First things first, the panic is a bug. Please file one with your OS supplier.
More below...

On Jul 6, 2012, at 4:55 PM, Ian Collins wrote:

> On 07/ 7/12 11:29 AM, Brian Wilson wrote:
>> On 07/ 6/12 04:17 PM, Ian Collins wrote:
>>> On 07/ 7/12 08:34 AM, Brian Wilson wrote:
>>>> Hello,
>>>> I'd like a sanity check from people more knowledgeable than myself.
>>>> I'm managing backups on a production system.  Previously I was using
>>>> another volume manager and filesystem on Solaris, and I've just switched
>>>> to using ZFS.
>>>> My model is -
>>>> Production Server A
>>>> Test Server B
>>>> Mirrored storage arrays (HDS TruCopy if it matters)
>>>> Backup software (TSM)
>>>> Production server A sees the live volumes.
>>>> Test Server B sees the TruCopy mirrors of the live volumes.  (it sees
>>>> the second storage array, the production server sees the primary array)
>>>> Production server A shuts down zone C, and exports the zpools for
>>>> zone C.
>>>> Production server A splits the mirror to secondary storage array,
>>>> leaving the mirror writable.
>>>> Production server A re-imports the pools for zone C, and boots zone C.
>>>> Test Server B imports the ZFS pool using -R /backup.
>>>> Backup software backs up the mounted mirror volumes on Test Server B.
>>>> Later in the day after the backups finish, a script exports the ZFS
>>>> pools on test server B, and re-establishes the TruCopy mirror between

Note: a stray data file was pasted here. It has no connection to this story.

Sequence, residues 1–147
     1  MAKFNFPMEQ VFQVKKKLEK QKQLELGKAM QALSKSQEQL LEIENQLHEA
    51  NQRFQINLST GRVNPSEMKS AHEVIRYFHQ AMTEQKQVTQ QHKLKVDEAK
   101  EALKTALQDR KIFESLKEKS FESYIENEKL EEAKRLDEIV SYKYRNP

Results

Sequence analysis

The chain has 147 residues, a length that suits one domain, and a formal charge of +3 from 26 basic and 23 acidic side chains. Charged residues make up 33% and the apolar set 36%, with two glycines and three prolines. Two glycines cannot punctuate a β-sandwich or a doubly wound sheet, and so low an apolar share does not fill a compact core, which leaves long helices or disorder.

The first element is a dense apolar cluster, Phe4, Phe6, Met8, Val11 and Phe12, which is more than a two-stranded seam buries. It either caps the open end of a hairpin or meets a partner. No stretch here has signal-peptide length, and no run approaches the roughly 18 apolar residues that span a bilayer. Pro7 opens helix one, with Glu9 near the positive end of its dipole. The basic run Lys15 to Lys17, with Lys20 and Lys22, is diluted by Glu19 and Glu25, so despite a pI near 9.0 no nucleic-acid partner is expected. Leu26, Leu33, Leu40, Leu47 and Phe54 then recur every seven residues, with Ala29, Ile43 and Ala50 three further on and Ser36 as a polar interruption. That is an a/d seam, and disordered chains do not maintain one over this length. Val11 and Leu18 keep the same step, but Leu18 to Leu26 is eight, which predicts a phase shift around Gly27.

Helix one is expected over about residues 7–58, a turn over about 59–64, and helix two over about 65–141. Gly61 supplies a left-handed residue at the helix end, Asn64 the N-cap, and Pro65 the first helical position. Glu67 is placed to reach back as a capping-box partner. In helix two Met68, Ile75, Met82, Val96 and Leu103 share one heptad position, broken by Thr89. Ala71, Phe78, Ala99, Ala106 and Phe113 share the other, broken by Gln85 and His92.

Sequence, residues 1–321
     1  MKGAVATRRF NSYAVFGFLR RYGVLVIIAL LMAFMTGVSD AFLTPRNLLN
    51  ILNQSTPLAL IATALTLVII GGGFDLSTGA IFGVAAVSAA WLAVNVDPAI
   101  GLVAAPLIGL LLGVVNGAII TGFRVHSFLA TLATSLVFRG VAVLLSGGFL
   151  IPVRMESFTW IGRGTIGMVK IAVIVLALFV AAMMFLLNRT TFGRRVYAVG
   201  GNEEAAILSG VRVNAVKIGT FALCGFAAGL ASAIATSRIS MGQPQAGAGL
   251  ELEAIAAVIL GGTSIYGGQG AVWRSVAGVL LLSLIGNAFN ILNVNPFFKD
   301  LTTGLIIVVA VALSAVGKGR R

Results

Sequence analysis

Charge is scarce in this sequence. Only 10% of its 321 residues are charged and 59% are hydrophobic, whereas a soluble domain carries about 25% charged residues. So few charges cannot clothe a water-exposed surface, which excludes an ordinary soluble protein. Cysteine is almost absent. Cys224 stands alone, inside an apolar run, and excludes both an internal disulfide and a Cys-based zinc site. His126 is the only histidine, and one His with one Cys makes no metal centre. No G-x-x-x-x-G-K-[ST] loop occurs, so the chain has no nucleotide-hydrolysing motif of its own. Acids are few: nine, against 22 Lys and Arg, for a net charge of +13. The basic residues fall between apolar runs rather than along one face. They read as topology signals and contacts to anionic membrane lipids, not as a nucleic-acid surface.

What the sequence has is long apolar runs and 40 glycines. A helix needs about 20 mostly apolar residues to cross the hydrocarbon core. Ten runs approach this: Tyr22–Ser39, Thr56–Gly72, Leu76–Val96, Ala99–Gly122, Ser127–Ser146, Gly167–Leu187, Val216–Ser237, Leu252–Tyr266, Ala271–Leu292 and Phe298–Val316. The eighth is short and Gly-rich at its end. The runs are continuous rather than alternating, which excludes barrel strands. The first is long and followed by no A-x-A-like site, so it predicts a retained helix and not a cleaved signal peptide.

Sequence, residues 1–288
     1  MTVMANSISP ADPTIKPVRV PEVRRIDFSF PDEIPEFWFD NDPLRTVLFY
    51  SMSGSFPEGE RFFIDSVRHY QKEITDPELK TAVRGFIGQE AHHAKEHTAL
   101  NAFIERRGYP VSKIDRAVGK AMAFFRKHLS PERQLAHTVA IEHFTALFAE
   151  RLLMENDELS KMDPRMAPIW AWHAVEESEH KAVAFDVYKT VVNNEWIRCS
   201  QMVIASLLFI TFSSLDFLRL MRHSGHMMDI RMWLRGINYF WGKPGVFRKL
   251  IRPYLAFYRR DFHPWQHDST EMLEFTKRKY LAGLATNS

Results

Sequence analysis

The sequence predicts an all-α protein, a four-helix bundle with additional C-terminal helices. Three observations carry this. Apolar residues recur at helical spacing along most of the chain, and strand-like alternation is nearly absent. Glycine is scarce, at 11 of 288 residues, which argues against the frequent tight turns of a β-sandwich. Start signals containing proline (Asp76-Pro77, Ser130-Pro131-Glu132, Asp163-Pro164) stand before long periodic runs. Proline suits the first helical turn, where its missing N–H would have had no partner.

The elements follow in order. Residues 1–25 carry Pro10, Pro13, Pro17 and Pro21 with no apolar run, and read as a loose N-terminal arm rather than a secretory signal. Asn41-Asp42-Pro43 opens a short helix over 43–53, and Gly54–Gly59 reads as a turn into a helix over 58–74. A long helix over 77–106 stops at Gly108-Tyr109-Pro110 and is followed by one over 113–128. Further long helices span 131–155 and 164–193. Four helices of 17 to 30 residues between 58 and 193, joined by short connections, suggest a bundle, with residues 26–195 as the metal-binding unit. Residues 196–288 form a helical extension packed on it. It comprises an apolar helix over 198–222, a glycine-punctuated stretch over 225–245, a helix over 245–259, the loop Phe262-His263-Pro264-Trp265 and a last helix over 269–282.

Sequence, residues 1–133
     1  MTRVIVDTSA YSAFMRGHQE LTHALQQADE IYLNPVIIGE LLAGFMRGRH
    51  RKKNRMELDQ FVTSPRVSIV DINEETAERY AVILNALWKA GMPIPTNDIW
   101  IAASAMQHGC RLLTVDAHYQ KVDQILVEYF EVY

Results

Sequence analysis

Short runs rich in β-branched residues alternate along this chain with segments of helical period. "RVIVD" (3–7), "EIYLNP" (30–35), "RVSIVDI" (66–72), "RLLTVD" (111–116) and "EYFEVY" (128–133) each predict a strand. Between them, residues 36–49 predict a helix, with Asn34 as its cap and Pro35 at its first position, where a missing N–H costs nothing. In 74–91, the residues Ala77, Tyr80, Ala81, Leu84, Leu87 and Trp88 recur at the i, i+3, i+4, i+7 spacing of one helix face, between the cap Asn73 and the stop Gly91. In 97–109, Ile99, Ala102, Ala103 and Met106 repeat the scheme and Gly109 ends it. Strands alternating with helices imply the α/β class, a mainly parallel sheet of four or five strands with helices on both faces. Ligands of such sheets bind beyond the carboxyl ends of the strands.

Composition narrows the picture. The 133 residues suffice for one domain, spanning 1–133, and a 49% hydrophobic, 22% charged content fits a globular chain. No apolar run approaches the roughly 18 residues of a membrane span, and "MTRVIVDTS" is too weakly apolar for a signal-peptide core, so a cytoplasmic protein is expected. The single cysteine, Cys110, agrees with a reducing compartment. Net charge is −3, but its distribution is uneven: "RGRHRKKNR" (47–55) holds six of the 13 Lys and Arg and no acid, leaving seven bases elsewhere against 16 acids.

>>>> the storage arrays.
>>> That looks awfully complicated.   Why don't you just clone a snapshot
>>> and back up the clone?
>> Taking a snapshot and cloning incurs IO.  Backing up the clone incurs a
>> lot more IO reading off the disks and going over the network.  These
>> aren't acceptable costs in my situation.

Yet it is acceptable to shut down the zones and export the pools? 
I'm interested to understand how a service outage is preferred over I/O?

> So splitting a mirror and reconnecting it doesn't incur I/O?

It does.

>> The solution is complicated if you're starting from scratch.  I'm
>> working in an environment that already had all the pieces in place
>> (offsite synchronous mirroring, a test server to mount stuff up on,
>> scripts that automated the storage array mirror management, etc).  It
>> was setup that way specifically to accomplish short downtime outages for
>> cold backups with minimal or no IO hit to production.  So while it's
>> complicated, when it was put together it was also the most obvious thing
>> to do to drop my backup window to almost nothing, and keep all the IO
>> from the backup from impacting production.  And like I said, with a
>> different volume manager, it's been rock solid for years.

... where data corruption is blissfully ignored? I'm not sure what volume 
manager you were using, but SVM has absolutely zero data integrity 
checking :-(  And no, we do not miss using SVM :-)

>> So, to ask the sanity check more specifically -
>> Is it reasonable to expect ZFS pools to be exported, have their luns
>> change underneath, then later import the same pool on those changed
>> drives again?

Yes, we do this quite frequently. And it is tested ad nauseum. Methinks it is
simply a bug, perhaps one that is already fixed.

> If you were splitting ZFS mirrors to read data from one half all would be 
> sweet (and you wouldn't have to export the pool).  I guess the question here 
> is what does TruCopy do under the hood when you re-connect the mirror?

Yes, this is one of the use cases for zpool split. However, zpool split creates 
a new
pool, which is not what Brian wants, because to reattach the disks requires a 
full resilver.
Using TrueCopy as he does, is a reasonable approach for Brian's use case.
 -- richard

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